EDMONDS, Wash. — Rick Steves almost never stops moving. But when he's not on the road, he's in Edmonds.

"My junior high is just down the street," said Steves. "I haven't gone very far, really."

The bestselling travel expert always returns to the place where he grew up.

"I spend four months a year in Europe, and the rest of the time is here," Steves said.

This is where you'll find the headquarters of his multimedia empire, Rick Steves' Europe.

Steves said, "In this building, we make the books, we make the TV shows, and we make the radio show."

Over the years, Rick has promoted affordable travel as a way to build understanding between cultures, and he's never been afraid to take a political stand.

"I'm an advocate for drug policy reform," the longtime supporter of legalized marijuana said. "I'll admit to that."

Just across the street from his office, you'll find Steves and his team's favorite watering hole, the Church Key Pub.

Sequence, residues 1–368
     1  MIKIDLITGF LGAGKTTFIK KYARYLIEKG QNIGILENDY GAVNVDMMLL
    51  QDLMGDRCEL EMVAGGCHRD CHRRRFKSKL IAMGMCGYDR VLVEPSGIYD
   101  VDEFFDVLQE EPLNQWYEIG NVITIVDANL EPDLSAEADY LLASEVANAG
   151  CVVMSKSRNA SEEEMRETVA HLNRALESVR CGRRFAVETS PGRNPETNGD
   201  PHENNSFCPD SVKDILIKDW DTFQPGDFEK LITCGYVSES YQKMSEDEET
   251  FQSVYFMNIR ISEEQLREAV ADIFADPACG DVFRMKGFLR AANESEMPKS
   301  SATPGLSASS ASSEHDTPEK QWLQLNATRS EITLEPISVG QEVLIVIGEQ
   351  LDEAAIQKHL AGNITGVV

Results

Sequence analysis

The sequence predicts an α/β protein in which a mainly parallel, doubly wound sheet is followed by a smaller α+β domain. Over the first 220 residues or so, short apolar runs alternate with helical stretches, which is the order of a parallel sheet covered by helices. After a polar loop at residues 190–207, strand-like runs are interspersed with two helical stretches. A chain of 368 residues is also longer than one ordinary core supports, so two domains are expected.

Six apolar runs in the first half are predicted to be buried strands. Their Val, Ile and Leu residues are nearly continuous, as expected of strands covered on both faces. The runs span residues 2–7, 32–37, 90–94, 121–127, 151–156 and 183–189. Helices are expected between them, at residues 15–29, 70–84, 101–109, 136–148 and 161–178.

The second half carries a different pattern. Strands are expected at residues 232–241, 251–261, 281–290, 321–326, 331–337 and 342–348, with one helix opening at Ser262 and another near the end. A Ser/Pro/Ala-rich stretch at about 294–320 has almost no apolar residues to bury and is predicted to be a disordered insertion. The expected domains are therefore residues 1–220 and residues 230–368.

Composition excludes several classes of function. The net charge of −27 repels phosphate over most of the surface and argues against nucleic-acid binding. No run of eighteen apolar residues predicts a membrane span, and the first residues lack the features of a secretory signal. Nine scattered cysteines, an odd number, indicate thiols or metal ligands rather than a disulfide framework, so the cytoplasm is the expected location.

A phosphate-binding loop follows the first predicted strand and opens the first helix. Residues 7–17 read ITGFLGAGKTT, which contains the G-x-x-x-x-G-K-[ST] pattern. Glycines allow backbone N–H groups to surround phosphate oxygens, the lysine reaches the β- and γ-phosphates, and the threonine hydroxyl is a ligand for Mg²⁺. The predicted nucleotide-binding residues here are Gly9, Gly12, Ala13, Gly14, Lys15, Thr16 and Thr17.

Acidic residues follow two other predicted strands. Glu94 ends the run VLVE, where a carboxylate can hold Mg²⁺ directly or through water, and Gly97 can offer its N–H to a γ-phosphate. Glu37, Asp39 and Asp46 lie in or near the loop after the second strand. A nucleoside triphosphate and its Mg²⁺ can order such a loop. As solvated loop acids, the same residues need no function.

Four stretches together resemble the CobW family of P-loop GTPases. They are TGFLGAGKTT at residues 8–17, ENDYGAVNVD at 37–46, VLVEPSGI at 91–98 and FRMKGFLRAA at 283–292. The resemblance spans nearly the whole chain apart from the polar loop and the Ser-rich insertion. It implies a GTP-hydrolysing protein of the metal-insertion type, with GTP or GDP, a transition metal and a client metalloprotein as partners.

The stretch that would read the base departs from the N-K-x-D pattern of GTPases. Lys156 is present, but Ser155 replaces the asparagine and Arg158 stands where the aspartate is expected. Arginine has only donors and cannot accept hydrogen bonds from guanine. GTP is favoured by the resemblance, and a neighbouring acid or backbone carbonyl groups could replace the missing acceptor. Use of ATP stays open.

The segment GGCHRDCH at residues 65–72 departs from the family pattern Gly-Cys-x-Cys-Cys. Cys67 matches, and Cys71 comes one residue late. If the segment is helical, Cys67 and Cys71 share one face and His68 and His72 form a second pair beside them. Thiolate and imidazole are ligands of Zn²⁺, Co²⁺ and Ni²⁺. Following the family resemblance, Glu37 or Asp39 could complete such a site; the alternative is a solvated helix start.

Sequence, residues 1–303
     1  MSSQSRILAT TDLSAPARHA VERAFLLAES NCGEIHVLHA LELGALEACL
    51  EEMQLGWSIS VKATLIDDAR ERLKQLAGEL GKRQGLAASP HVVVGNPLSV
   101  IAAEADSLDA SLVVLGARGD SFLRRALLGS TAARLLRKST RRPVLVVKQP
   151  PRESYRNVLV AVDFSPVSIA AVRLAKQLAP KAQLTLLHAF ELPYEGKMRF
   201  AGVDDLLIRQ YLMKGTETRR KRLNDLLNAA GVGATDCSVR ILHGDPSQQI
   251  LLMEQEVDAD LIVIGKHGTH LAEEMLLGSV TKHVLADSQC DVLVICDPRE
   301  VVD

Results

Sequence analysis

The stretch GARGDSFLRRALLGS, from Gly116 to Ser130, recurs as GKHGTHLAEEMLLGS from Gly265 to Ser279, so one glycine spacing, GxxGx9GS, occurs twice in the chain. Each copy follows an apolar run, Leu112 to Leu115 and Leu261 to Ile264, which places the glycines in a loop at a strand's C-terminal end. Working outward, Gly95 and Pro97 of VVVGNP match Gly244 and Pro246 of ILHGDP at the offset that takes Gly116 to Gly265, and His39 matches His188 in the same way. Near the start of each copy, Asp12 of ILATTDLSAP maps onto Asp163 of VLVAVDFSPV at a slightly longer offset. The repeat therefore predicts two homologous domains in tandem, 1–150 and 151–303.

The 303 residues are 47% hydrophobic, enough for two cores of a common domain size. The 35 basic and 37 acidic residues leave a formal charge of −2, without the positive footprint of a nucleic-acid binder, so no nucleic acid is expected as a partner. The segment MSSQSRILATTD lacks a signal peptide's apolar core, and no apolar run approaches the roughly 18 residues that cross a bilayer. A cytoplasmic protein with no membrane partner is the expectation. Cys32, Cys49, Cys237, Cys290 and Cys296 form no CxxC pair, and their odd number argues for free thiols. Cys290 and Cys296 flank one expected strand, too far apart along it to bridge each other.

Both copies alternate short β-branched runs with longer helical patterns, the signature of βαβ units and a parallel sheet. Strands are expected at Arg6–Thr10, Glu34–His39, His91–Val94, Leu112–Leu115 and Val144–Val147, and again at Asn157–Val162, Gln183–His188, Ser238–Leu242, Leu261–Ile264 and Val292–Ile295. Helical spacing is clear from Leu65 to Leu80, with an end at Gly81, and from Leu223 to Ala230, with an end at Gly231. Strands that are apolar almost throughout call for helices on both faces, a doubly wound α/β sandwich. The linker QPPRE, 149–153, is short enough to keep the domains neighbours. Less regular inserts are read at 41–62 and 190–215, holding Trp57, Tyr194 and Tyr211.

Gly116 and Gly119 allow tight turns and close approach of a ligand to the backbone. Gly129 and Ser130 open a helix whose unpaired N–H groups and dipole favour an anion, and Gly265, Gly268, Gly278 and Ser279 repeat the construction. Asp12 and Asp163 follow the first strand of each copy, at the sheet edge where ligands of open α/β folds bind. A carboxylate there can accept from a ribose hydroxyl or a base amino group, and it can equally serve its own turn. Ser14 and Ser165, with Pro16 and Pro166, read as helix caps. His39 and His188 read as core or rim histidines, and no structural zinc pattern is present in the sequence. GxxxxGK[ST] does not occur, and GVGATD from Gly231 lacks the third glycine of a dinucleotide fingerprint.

"The amazing thing about this place is that this was my mom and dad's piano store," Steves said.

When Rick worked here as a teenager, he had his share of celebrity encounters.

"I dusted Phyllis Diller's piano when she came to perform," he recalled.

Our final stop is one of the most beautiful buildings in Edmonds.

"When I was a kid," Steves said, "this was Edmonds Junior High."

It's now Edmonds Center for the Arts. Rick has supported the center with more than a million dollars of his own money.

"I'm so glad we saved this place," he said.

Rick Steves will never stop circling the globe. And he'll never stay away from Edmonds for long.

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